I've got a few thoughts, but I'd like to hear your thoughts as well. For starters, there's obviously:
- Proper stance - Der waag, or even the Drei Waage; knowing them and knowing when to use them. These are never explained in the vast majority of manuals, so presumably they come before.
- Proper footwork - Stepping, Passing, and so forth. These are likewise never explained in the manuals, merely mentioned as appropriate.
- Basic Guards - The Vier Leger aren't explained until half-way through Liechtenauer's verse, even though they're mentioned a lot before that, so students must have had some understanding going in.
- The Father Strikes (or the eight lines, depending on your school of thought) - It is from these common strikes that the five Hidden Strikes arise, so it's probable that students would learn these first.
- The Drei Wunder - The three strikes of the sword are quite basic, and knowing to put them in their proper place is an important skill requisite to winding
- Timing and Distance - The three times, three ranges, and three phases of the fight must be understood before most techniques can be applied.
- Basic grappling skills (which ties into stance and footwork, obviously)
Michael Chidester wrote:Yes, it's interesting how the content of the manuals has shaped our concept of the Art. When the Ringbuecher ignore the basics and jump directly into advanced grappling concepts and techniques, we write it off as being because Scholars would have learned wrestling as children and didn't need it. And I've heard many practitioners state that the difference between the use of the European short staff and Asian bo staff is that Asian styles prefer the half staff ("kayak fighting"") and Europeans the quarter staff--but I've heard a different story from some Asian practitioners, that the half-staff is the basic technique and quarter-staffing is more advanced and only taught at higher levels.
And yet, with swords we assume that what we see is everything we need. Unfortunately, most manuals don't cover any of the basics. In 150 years of German and Italian longsword lore (1389 to 1520), discussion of footwork is limited to perhaps a paragraph in a book of a hundred pages. Proper fighting stance is portrayed in a few rough sketches. There is no talk of the proper method of cutting outside of late-period English sources (hence the long debates that still seem to rage in some quarters) and precious little discussion of the basic strikes of the sword. But you could spend a year working on nothing but these basics and still not be expert in them--and coupled with the rudimentary system of guards the manuals present, mastering these skills alone would make you a competent swordsman.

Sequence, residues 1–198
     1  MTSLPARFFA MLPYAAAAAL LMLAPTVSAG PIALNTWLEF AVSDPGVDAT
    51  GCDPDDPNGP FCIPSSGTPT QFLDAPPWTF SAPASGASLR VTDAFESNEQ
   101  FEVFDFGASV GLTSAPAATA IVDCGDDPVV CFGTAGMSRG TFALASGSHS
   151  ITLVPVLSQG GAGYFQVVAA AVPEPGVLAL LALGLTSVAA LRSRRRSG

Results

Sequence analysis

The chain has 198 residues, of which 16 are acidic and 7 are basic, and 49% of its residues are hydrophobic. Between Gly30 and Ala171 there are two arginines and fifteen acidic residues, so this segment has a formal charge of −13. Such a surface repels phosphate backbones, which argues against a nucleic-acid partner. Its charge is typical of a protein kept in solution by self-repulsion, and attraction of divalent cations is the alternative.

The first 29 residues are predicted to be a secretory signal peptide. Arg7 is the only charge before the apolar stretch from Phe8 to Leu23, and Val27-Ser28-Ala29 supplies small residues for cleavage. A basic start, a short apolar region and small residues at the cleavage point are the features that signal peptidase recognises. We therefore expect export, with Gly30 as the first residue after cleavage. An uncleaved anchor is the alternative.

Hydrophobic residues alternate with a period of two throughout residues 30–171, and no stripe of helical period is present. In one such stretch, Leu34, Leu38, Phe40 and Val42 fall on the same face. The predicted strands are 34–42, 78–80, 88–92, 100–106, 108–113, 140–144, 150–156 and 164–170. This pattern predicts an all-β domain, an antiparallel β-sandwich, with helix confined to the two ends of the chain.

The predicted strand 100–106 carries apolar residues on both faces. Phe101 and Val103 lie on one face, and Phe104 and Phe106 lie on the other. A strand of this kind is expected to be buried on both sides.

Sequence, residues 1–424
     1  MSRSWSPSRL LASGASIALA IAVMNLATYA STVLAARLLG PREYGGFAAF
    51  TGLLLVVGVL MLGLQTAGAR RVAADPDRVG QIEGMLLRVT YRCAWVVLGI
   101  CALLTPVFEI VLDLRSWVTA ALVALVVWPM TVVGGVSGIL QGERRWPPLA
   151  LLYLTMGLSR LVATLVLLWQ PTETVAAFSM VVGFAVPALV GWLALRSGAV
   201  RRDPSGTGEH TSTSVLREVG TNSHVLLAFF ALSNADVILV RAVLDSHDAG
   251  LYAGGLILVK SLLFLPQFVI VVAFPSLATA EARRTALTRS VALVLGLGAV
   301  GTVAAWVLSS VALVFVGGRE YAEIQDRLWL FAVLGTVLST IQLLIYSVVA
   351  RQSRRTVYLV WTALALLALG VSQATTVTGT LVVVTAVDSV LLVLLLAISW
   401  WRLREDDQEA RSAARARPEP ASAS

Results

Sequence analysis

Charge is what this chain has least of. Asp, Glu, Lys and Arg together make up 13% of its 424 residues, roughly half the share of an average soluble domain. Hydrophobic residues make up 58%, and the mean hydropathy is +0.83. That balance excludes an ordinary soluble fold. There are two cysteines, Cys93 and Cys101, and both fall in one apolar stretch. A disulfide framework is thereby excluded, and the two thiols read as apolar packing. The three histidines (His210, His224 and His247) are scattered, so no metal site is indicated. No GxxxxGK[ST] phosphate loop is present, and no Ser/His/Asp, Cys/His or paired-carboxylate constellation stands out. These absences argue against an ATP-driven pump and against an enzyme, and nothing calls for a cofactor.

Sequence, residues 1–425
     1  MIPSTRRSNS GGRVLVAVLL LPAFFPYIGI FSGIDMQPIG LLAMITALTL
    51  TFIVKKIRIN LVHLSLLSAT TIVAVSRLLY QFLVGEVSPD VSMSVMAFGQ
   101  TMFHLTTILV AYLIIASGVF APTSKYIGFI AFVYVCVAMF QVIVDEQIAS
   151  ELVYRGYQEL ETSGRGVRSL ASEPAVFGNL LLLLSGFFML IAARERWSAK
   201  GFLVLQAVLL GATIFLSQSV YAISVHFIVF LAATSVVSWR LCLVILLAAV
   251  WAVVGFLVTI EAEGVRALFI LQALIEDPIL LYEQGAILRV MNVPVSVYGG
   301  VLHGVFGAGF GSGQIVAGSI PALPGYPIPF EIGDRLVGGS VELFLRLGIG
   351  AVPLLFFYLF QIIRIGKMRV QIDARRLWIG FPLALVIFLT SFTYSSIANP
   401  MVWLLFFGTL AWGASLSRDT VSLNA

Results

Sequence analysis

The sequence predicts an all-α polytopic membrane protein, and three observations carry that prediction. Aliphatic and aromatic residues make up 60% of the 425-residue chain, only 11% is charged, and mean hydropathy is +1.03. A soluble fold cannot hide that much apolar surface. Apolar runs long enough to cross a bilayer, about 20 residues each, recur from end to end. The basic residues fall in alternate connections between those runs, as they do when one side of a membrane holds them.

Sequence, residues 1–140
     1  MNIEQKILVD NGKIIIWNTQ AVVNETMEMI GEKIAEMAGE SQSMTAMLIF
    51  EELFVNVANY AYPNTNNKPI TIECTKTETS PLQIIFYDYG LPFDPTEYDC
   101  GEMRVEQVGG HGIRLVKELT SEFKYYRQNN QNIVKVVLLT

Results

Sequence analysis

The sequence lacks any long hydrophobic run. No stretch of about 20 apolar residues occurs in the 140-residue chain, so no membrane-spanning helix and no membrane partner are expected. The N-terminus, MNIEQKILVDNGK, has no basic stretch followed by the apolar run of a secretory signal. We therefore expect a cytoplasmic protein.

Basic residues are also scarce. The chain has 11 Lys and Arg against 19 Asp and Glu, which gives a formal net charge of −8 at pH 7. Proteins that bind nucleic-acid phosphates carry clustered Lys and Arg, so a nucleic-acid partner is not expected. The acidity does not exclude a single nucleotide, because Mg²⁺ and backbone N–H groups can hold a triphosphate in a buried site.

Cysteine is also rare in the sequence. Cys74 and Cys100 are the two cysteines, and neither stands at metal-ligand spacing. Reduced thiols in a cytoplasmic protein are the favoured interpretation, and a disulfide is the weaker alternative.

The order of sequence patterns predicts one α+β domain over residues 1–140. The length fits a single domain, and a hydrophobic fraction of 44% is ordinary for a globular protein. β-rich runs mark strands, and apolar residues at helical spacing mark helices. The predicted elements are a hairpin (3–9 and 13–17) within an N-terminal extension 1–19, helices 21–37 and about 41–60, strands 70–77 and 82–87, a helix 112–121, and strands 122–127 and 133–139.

What we see instead in the manuals is a single plate devoted to each mastercut, but only to create appropriate binds in which to present complex sequences of Winden and Ringen am Schwert. (Liberi and Vadi skip the setup completely and just jump straight into the bind.) Then we get into more exotic winding and wrestling plays that involve different timing or footwork or hand position (or that are simply bind-agnostic). We get long and detailed treatises on the nature of combat and the theory of fence, offering content that many experienced martial artists I've conversed with understand only in part after so many years of training. These are not basics. These are not things that every beginning Scholar needs to know. In point of fact, they're things that people find confusing for the first several months (or years).
What HEMA considers to be the basic syllabus of techniques is, I think, really the Master's playbook. And I've lately been considering whether training models that focus on these techniques above all else aren't hurting our long-term progression as fighters. HEMA practitioners tend to spend a lot of time working through these techniques, which are really quite advanced (and the coolest, let's be honest), but in so doing we forget to firm up our fundamentals of balance and perception, movement and body control. And unfortunately, these fundamentals are often what separates the masters from those who are merely experts.